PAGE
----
Rectangular samples used for tensile straining were cut with a scalpel to the dimensions of approximately 7 mm × 35 mm. For in situ XRD experiments, samples were strained continuously to a maximum strain of 15% with a rate of 0.1 mm/min and then unloaded to a force F = 0 N with the same rate using an Anton Paar TS600 straining stage with 4PP resistance measurement incorporated into the grips. At the maximum strain, a hold period of 5 min was applied. The in situ synchrotron radiation measurements were carried out on the KMC-2 beamline (Erko et al., 2000) at BESSY II, Helmholtz-Zentrum Berlin für Materialien und Energie (HZB). The resistance probes were incorporated into the grips of the Anton Paar straining stage in a similar manner as described in Glushko and Cordill (2014b). These experiments were employed to measure the lattice strains, which develop in the Au films during continuous tensile straining. The tensile device was positioned so that the sample surface was in the reflection geometry to the incoming synchrotron X-ray beam. In situ XRD measurements were continuously performed with a beam size of 300 μm in diameter and a beam wavelength of 0.177 nm. The (111) reflections of the Au layer were recorded simultaneously with a Brucker VÅNTEC detector and an exposure time of 5 s at five different Ψ angles. Lattice strains were measured with the sin2 Ψ method (Spieß et al., 2005) [sin2 Ψ range 0–0.6 (−)]. A Pearson fit was applied to determine peak positions and peak widths. Film stresses were calculated using X-ray elastic constants (XECs) (1/2 S2) (Noyan and Cohen, 2013) for untextured (111) Au reflections. XECs were calculated from single-crystal elastic constants assuming the Hill model with the software ElastiX (Wern et al., 2002). Prior to and after the tensile experiment, residual lattice strains were measured with high resolution using 11 different Ψ angles. The lattice strain in the Cr overlayer was not analyzed because the Cr (110) peak overlaps with the Au (200) peak (see Figure S1 in Supplementary Material) and the response could not be separated, therefore, only the lattice strains which developed in the Au layers will be discussed. It was only possible to perform one experiment for the Au and Au with Cr overlayer samples due to the fact that they were performed at a synchrotron source. However, several experiments on similar samples have been performed and compare well to those presented.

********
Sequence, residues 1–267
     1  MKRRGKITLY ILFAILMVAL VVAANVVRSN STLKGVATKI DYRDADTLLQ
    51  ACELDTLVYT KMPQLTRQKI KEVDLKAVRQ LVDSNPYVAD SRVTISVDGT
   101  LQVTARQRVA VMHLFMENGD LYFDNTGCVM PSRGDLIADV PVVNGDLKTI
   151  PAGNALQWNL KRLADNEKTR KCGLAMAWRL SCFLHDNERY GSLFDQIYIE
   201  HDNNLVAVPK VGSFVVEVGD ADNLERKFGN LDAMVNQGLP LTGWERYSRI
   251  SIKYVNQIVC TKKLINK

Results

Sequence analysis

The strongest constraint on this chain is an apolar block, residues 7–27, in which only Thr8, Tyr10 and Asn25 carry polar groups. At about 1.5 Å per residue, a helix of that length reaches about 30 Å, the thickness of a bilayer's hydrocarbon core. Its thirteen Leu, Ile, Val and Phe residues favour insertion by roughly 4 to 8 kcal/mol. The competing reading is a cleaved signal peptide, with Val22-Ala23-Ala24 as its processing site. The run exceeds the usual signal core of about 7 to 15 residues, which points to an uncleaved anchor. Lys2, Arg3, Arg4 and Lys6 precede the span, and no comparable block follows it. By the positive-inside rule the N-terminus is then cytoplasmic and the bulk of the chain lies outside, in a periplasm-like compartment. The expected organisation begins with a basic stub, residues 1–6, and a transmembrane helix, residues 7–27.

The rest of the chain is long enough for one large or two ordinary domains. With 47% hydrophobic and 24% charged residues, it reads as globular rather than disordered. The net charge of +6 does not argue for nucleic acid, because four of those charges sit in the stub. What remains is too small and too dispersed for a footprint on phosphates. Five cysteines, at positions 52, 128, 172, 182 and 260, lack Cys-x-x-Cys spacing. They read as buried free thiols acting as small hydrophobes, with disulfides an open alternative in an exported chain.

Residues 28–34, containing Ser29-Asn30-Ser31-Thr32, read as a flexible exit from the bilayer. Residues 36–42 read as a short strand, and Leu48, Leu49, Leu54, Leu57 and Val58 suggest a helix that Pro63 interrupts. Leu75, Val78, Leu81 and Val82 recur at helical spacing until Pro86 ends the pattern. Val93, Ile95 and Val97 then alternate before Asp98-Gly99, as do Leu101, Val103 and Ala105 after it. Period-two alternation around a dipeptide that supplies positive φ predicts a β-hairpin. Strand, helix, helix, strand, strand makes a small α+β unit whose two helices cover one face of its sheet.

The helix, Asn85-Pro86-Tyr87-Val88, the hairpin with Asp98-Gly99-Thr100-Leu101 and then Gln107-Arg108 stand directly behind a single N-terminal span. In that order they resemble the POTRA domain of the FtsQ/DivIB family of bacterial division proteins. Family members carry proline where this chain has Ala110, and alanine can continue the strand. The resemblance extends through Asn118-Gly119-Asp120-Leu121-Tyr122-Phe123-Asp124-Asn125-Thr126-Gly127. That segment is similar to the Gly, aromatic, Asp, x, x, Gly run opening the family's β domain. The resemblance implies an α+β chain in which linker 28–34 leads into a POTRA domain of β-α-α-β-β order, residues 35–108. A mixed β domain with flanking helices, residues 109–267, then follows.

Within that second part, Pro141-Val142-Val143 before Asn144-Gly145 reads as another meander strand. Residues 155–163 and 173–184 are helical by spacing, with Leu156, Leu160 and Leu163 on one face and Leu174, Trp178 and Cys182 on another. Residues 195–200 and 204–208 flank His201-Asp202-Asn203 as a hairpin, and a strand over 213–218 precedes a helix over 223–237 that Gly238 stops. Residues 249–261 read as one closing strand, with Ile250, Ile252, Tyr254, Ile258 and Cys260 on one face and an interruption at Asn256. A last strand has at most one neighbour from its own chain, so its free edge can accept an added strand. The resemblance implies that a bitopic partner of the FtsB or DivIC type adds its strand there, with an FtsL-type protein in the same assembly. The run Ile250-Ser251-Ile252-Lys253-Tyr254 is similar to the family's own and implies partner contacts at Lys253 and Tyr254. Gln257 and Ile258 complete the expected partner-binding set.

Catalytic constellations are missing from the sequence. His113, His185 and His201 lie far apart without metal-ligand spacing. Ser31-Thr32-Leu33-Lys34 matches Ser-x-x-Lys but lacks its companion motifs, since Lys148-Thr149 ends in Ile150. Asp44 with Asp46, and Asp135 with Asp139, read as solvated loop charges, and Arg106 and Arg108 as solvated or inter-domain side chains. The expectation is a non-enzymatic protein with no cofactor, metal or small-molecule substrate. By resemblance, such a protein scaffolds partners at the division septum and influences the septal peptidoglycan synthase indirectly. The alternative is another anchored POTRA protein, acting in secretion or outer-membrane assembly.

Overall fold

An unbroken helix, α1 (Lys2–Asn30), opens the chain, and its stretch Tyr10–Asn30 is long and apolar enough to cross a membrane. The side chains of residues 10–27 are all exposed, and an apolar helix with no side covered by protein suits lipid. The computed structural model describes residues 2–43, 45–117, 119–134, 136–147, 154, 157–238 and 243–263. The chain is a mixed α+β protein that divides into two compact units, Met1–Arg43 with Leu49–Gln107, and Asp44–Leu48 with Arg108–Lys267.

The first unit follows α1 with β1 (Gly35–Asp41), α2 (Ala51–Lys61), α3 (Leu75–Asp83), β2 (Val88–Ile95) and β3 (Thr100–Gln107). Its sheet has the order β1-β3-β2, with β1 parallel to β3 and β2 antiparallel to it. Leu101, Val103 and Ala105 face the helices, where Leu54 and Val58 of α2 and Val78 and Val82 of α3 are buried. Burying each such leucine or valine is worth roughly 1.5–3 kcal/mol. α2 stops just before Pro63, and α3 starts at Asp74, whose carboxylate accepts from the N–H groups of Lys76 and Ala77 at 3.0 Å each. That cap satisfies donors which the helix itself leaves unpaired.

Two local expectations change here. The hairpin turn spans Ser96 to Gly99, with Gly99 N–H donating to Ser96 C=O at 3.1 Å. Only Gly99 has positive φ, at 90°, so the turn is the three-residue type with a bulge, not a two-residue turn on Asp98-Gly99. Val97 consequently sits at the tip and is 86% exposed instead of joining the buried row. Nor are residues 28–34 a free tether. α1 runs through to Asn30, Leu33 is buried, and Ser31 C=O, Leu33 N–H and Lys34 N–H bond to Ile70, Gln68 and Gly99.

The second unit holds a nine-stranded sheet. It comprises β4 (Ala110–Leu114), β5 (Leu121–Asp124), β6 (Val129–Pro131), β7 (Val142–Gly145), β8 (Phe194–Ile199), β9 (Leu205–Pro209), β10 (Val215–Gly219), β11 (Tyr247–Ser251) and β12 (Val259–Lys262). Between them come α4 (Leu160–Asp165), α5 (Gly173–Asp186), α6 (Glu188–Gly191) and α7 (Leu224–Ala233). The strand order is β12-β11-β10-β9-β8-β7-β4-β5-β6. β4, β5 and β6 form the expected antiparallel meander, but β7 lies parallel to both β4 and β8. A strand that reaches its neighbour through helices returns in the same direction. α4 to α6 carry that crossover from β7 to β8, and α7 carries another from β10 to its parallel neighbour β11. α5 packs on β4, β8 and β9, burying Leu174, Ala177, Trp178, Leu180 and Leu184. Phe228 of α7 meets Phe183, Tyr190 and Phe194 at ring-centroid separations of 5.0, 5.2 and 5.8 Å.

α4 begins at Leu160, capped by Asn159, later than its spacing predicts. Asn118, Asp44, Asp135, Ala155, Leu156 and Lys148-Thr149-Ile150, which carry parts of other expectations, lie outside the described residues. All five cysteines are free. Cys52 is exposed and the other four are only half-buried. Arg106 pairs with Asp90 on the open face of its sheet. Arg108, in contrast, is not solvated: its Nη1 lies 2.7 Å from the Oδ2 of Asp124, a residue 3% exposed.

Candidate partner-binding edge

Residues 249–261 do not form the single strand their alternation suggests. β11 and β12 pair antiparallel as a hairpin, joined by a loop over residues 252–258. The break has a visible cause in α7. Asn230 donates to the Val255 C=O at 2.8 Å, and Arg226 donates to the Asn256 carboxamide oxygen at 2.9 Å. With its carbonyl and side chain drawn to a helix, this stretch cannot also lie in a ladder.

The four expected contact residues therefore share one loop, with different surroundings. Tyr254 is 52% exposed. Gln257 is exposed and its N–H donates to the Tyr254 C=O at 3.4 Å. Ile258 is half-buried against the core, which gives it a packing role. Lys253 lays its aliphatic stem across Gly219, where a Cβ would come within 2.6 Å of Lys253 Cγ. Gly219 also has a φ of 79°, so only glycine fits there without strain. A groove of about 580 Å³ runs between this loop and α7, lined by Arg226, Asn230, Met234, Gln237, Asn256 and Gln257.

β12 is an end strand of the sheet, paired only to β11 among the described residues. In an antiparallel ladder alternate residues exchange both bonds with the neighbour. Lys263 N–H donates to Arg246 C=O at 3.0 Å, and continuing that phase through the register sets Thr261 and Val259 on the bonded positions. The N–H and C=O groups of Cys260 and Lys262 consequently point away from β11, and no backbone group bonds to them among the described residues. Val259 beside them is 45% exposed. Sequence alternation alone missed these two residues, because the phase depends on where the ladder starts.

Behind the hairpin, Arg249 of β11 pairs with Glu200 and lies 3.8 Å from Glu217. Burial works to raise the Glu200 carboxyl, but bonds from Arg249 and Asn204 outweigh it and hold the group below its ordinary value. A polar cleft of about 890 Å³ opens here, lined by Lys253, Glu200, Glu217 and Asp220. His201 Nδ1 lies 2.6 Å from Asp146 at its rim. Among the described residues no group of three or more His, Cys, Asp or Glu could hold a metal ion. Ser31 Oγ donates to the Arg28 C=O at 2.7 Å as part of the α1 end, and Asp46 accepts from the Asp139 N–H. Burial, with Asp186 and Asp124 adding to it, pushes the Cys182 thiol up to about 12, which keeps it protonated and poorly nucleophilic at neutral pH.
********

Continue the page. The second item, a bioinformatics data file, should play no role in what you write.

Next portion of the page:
More recently, CLSM has been utilized for in situ fragmentation testing of flexible electronic materials. CLSM is a 3D imaging technique that uses a scanned laser and precise stage movements to generate 3D images. It is similar to AFM, but imaging times are significantly shorter and larger areas can be accessed. Other advantages of CLSM are that there is no limitation in the z-direction (height) as with AFM, and the technique is ideal for transparent coatings. As an example, a 100-nm ITO film on PET that was mechanically bent under compression to form cracks and buckles is shown in Figure 2. With CLSM, the cracks as well as the buckles that formed at the crack fronts can be assessed (Figure 2B). In situ CSLM and 4PP experiments were also made using the same sample dimension and the Anton Paar TS 600 straining stage with the resistance measurements incorporated into the grips. CLSM imaging was performed with an Olympus LEXT OLS4100 during straining at a rate of 0.6 mm/min. The straining was stepwise so that an image could be obtained at each straining step during a 2-min hold period. From the obtained images, the crack spacing, λ, as a function of strain was measured using the software Image J (Abràmoff et al., 2004). All experiments were repeated at least once and the presented results illustrate representative behavior.
Figure 2. (A) CLSM laser image of 100-nm ITO film on PET after mechanical testing. (B) Color 3D height image of the box in (A) demonstrating the capabilities of CLSM with transparent conductors. The units in (B) are in microns (color online).
Results and Discussion
Combined X-Ray Diffraction and Electrical Resistance Fragmentation Testing
As it has been shown by many research groups (Gruber et al., 2008; Frank et al., 2009; Marx et al., 2015b), in situ XRD tensile straining can provide useful information on how thin film or coating thickness, microstructure, and deposition methods influence mechanical stresses and strains of flexible electronic materials. From the evolution of the lattice strains during straining, clear ductile or brittle material behavior is determined. With in situ 4PP, ductile and brittle films also have distinct electrical responses. When ductile films, such as Cu or Au, are strained, the response follows the theory (Eq. 2) and the film is said to have good “stretchability.” On the other hand, brittle films, like ITO (Figure 1D) deviate from theory, and the resistance dramatically increases. The combination of XRD and 4PP allows for the direct correlation between the COS and fracture stress, σf.